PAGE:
Adding Color and Culture to Climate and Conservation Conversations by Queen Quet of the Gullah/Geechee Nation

As always, I give thanks for Divine Timing!  Given the journey that took me once again over the Mason Dixon line, I knew Divine Timing was wherein lied the credit for this opportunity.

As I prepared for “Climate Week” in New York City which would bring together numerous international and national voices speaking out on the topic of climate change and its existence and impacts on communities and the tangible resources of those communities, I also packed for my journey to Washington, DC to bring the voice and the lifestyle aspects that are often considered to “intangible cultural resources” to the discussion of “Public Lands, Environment & Conservation.”  This was the theme put forth by the founders of the Diverse Environmental Leaders National Speakers’ Bureau, Audrey and Frank Peterman and my DEL team members and I were to present on the “Peril & Opportunity for African Americans” as it related to this overall theme which was a session for the 45th Annual Congressional Black Caucus Foundation Conference which asked a question through its theme: “With Liberty and Justice for All?”.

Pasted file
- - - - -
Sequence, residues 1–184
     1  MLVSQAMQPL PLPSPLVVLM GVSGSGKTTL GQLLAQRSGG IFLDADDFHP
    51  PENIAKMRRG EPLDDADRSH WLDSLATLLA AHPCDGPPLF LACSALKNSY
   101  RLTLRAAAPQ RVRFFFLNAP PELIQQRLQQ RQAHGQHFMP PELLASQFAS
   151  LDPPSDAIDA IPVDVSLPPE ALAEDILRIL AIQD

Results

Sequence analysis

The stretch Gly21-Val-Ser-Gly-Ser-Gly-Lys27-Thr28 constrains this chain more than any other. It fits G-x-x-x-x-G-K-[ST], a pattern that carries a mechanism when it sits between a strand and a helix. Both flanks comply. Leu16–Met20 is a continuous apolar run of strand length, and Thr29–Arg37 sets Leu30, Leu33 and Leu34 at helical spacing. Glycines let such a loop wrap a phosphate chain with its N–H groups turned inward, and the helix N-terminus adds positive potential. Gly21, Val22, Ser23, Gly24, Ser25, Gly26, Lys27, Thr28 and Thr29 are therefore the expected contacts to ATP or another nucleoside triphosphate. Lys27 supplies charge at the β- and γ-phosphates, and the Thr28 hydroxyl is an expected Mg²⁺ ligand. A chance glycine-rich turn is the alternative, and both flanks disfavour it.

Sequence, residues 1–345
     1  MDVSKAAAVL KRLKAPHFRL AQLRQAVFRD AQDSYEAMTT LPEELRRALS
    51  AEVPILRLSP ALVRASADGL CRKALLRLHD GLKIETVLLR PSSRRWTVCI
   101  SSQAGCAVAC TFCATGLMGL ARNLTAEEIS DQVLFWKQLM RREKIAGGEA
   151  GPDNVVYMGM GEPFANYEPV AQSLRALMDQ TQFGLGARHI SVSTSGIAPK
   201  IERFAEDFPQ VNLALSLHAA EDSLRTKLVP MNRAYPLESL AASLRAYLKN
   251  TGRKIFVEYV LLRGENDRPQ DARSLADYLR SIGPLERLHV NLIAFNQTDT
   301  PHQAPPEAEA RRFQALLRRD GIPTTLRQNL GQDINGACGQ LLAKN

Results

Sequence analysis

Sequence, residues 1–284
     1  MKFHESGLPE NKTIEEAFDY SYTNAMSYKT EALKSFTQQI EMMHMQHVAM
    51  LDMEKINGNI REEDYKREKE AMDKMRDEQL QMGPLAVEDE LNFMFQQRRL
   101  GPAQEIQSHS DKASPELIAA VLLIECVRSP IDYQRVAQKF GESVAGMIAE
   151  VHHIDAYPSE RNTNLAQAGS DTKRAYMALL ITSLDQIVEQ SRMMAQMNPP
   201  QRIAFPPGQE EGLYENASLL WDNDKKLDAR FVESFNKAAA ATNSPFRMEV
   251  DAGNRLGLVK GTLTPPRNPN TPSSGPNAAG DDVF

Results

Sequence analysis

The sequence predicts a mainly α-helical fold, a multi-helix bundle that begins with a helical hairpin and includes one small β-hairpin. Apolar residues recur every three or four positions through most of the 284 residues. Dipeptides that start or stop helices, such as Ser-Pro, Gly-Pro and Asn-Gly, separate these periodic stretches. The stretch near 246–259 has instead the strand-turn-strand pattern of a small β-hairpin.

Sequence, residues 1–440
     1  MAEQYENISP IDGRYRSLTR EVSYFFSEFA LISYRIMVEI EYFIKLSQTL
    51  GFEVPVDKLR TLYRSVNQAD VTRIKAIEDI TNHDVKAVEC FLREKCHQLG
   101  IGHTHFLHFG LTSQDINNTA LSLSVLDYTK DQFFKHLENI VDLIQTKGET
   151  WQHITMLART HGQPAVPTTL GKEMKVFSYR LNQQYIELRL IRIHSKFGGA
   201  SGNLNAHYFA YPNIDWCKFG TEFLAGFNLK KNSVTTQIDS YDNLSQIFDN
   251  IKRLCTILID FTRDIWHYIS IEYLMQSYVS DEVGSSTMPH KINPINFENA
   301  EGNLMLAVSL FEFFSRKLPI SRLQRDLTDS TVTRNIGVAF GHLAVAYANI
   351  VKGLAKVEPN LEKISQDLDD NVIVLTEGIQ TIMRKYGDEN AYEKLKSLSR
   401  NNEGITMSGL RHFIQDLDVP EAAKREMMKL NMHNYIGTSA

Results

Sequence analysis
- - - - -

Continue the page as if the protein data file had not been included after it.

Every word uttered regarding the synergistic impact that our presentation had on the audience and on Majora Carter, Jarid Manos, Dorien Paul Blythers, Jacqui Patterson, Aaron Mair, and I seemed to only add to the power of the impact that our cumulative work had already had in making positive change and providing opportunities for people of African descent in America in regard to environmental issues.  Nonetheless, had our work been complete, we would simply have been attending this national event in celebration and not still for further presentation.  We clearly recognize that there are still issues of environmental equity that must be addressed in numerous communities in regard to United States public land issues and management of said lands.  To that end, the DEL speakers had come together in this session with Jacqui Patterson, who is the Director of Environmental and Climate Justice for the National Association for the Advancement of Colored People (NAACP), and Aaron Mair, who is the first person of African descent to have ever been elected to be the President of the Board of the Sierra Club, to address the unfortunate peril that still exist and to offer solutions for engagement with those of us that have lived to successfully overcome environmental challenges in our own communities and who have the capacity to engage more people of color in environmental issues and conservation.

Audrey & Frank Peterman, Majora Carter, Jarid Manos, Queen Quet (, Dorien Paul Blythers, Jacqui Patterson, and Aaron Muir at the Congressional Black Caucus Foundation Conference 2015.

Audrey & Frank Peterman, Majora Carter, Jarid Manos, Queen Quet (, Dorien Paul Blythers, Jacqui Patterson, and Aaron Muir at the Congressional Black Caucus Foundation Conference 2015.